To be fair, comparing ECT protected emissions with the emissions of ECT members is comparing apples and oranges because oil produced in Kazakhstan, an ECT member, would be counted as protected by the ECT even if it were burned in the US, which is not an ECT member, where it would be counted against US emissions, not ECT emissions. Nevertheless, it does give a sense of scale.

Figure 3: The majority of ECT member states’ allowable emissions under the IEA's Sustainable Development Scenario are already locked in by the treaty

The majority of ECT member states’ allowable emissions under the IEA's Sustainable Development Scenario are already locked in by the treaty

Fixing the ECT climate problem risks damaging the credibility of EM investor protection

The EU is about to begin the ninth round of talks on reforming the ECT. The talks, which must balance climate needs with members’ legitimate interests in maintaining the originally intended investor protections, are making slow progress. Europeans are in the vanguard pushing for change, while others, notably Japan, want to retain the protections in the treaty as they stand today.

It seems more likely that the ECT’s impact on climate will be addressed through action outside of the ECT process. In September, the European Court of Justice ruled that EU companies could not use the ECT to claim against EU member states, limiting the scope of the treaty. Nevertheless, several European countries have threatened to unilaterally withdraw from the treaty and seek to undermine its sunset clause on the way out if the ECT cannot be reconciled with the Paris Agreement.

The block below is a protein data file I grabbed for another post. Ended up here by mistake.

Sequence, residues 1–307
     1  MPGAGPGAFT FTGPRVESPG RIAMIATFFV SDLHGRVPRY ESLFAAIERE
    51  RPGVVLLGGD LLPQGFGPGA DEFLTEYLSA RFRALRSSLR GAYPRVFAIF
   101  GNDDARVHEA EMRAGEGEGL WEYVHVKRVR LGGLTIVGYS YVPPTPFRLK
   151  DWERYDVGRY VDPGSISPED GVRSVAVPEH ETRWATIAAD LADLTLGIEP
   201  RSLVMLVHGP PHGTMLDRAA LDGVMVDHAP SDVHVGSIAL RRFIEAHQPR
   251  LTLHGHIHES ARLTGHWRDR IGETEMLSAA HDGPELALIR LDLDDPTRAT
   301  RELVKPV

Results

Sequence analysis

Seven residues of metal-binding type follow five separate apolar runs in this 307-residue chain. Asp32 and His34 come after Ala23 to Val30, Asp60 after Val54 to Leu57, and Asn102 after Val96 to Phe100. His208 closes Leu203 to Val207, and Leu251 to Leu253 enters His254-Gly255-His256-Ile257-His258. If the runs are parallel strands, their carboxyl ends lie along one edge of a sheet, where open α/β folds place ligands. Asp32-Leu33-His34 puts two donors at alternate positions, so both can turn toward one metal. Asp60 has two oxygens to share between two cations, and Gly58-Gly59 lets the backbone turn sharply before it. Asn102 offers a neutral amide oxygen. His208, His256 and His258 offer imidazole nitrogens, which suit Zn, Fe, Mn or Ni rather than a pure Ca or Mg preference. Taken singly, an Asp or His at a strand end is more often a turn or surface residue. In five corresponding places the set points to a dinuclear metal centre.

Although this might be an expedient resolution to the climate policy challenges posed by the ECT, the EU will need to be careful not to set a precedent for countries that walk away from inconvenient international obligations. Indeed, even though Russia had not ratified the ECT, it was still invoked in claims following the Yukos affair.

Walking away from the ECT won’t harm the EU’s investment attractiveness, but it raises questions about the durability of inconvenient international investor protections, which could, in turn, harm the investment attractiveness of emerging markets that utilise those protections to attract investment on favourable terms.